“I read that Libertarians are basically just Republicans that like Pot…” I said. Bill Clinton was running against George H. W. Bush’s second term. Emotions were high, as they always are during election years. Andre Marou was running as the Libertarian candidate, and if you know me even a little you know that there is no lost cause that I won’t support. I was working for Time Warner Cable in Pinellas County, Florida. I was one of the Production Coordinators and Instructors for the Community Access channel. I helped oversee production, scheduling and taught classes – 3 Camera Live to Tape, ENG, and Linear Tape Editing. I often tell people it was my most favorite job ever. I was paid next to nothing, while being surrounded by the fringiest of the fringe, the weirdest of the weird, and the conspiracy-y of the conspiracy-est. I had days that seriously would start with the production of an episode for the local chapter of B’Nai B’Rith – A Jewish Service Organization, followed by an episode for a thinly veiled White Supremacy Organization, and finish with an episode for a local Nation of Islam non-profit group. And the crews would work on each other’s shows!! It was pretty amazing, and definitely weird, both reasons why I loved it so much. The community volunteer that was proselytizing me to become a Libertarian shook his head judgmentally, and then responded, “No, it isn’t like that at all. You should come to next week’s Hemp Rally and see.”
We were driving back from visiting my parents in Springhill, Florida. Li’l Ben was riding shotgun and Nik was in the backseat. I don’t remember why – Nik was always so good at talking himself into the front seat. When I first moved back out to Utah after the divorce, Nik pretended to get car sick so he could sit up front almost the entire way, while Li’l Ben was relegated to the tiny open spot in the back seat with all that was left of my worldly possessions packed in like Tetris around and over him. However, Nik always tended to hide himself a little more than Li’l Ben. He would keep his head down until he had a grasp of the situation and how he would fit into it before jumping in. Li’l Ben, on the other hand, was always advocating for himself right out of the gate. He would boldly stomp into any situation, simultaneously being his own best friend and worst enemy while making as much noise as possible. Regardless, this was a good moment. Just the three of us coming to the end of a long drive, laughing at something silly together; teasing each other and singing fake songs along with the radio. Nik was leaning forward, his head sticking between the seats as far as possible while still being buckled into the middle section of the back seat of the rental car. And then I saw the flashing lights behind me. As the Policeman was walking away after giving us a warning, Nik caught my eyes in the rear view mirror and with barely suppressed panic said, “It’s not funny! It’s not my fault! Don’t tell, Mom?”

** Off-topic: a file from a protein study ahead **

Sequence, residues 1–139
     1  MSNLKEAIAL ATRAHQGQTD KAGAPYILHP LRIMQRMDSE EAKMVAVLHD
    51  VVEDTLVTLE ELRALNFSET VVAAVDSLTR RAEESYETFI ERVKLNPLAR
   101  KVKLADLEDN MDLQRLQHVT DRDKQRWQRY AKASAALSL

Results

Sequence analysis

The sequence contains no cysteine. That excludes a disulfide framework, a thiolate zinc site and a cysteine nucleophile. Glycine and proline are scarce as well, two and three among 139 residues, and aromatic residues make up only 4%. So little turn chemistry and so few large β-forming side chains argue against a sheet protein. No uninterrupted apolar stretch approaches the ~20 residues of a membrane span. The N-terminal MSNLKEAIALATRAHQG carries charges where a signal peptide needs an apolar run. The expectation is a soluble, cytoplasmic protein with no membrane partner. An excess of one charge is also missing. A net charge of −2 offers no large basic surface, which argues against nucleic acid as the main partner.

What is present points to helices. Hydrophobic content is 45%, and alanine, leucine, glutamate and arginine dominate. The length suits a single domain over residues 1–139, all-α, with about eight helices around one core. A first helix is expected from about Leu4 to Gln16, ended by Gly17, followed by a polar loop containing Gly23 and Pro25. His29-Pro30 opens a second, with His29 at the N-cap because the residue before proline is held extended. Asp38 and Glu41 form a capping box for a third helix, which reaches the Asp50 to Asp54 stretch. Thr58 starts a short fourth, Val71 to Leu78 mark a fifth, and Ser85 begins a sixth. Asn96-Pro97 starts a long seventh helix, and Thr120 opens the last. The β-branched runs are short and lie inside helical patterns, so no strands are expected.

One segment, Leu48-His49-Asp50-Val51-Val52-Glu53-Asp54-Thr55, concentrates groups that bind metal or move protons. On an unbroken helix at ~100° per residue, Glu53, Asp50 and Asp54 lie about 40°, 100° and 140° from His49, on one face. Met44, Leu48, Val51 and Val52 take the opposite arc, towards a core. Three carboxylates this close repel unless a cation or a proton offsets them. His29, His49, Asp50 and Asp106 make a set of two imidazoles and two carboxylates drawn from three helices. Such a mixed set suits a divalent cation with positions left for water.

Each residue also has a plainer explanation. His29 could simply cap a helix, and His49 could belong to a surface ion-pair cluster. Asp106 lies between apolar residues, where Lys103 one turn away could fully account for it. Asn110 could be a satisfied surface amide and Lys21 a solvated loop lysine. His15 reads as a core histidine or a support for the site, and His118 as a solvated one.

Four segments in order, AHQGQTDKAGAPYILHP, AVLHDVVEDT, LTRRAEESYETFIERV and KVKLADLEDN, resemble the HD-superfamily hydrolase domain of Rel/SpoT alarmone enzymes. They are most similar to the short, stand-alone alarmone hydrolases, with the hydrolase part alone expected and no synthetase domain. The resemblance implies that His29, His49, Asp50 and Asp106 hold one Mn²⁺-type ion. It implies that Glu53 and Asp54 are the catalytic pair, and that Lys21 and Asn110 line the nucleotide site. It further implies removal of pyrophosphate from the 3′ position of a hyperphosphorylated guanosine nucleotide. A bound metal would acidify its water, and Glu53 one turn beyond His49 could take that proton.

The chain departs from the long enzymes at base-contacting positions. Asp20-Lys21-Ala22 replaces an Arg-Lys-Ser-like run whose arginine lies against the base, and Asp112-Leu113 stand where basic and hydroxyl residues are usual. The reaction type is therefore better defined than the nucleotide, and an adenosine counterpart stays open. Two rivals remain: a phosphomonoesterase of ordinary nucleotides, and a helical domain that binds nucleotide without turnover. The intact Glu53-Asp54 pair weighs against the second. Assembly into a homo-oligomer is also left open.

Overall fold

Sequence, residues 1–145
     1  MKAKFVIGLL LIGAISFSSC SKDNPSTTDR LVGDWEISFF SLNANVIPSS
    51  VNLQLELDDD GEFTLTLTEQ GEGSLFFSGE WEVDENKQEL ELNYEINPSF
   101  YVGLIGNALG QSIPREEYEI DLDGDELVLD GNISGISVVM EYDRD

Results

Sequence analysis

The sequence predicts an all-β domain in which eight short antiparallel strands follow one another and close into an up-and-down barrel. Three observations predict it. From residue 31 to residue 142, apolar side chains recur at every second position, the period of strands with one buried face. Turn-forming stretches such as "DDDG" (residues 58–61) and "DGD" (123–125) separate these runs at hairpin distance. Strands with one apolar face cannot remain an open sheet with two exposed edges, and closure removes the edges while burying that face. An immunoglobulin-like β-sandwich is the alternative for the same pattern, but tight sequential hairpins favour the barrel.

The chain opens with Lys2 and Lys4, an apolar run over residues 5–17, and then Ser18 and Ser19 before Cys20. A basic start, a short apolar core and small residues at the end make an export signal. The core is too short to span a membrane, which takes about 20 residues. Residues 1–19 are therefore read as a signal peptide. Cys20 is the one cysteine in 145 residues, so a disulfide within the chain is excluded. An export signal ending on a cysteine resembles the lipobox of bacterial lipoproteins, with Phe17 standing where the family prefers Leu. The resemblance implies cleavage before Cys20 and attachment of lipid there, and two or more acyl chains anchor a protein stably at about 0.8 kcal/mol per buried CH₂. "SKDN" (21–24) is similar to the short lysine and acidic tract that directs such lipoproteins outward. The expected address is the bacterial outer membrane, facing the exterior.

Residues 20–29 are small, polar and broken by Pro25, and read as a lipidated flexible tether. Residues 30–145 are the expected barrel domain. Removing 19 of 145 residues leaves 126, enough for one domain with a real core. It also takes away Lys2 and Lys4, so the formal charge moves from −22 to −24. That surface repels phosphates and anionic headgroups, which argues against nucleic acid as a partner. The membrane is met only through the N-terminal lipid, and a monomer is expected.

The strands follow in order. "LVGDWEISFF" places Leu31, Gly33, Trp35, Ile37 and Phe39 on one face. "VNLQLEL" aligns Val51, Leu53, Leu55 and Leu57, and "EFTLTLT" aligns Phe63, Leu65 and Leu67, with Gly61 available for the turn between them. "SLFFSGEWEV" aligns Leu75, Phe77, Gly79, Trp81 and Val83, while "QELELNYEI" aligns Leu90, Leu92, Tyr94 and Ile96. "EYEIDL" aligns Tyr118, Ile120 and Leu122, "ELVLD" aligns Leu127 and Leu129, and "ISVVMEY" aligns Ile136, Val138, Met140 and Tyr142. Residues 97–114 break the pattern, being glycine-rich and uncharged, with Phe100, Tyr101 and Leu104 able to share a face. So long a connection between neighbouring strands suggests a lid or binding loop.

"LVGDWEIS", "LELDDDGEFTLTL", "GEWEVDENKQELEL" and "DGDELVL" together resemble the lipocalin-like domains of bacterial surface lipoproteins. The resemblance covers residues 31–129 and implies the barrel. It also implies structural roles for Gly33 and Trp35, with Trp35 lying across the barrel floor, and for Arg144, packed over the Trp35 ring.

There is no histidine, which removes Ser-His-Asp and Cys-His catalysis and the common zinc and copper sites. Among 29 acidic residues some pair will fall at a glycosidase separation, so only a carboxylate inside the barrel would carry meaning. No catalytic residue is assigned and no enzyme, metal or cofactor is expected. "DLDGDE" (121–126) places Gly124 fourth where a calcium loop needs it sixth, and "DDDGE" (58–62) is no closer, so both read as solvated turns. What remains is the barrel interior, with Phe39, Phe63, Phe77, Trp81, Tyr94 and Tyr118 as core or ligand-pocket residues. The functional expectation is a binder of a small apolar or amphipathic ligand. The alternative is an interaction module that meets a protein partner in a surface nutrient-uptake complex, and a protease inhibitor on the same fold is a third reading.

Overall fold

We were known for being a tough room with no audience. We were there every Tuesday for 4 years. The amount of cigarettes smoked on the patio during the sets in front of an empty room would have supported Charlie Company in their headlong rush through Europe in World War 2. I started the show because I wanted to know how to put one together, and I had ideas on how that should be done. The local comedy club would have never given me that opportunity. Luckily my niece’s husband was in the process of building a new venue in downtown SLC and they were interested in filling stages as much as possible. As long as liquor sales could cover staff costs for the night, they said I was good to go. We rarely covered staff costs. I railed and thrashed against living in a one club town. A small market mindset. I wanted us all to be more ambitious and bold. I hated the thought of having one Gate Keeper standing between us and our ultimate artistic fates – good or bad. In the end, I closed the show with little to no fanfare. I booked and hosted the last night. Most of the comedians learned what was going on as they lined up to sign in for the show. I shared stories about the people that I asked to perform, and I hugged them and thanked them. So many smart, funny, talented individuals that were poorly served by a small, unambitious market in the middle of the mountains. I was blessed briefly to have a vision of how to break free of that, before I settled back down and rejoined the crowd; swallowed into the comfort of their anonymity.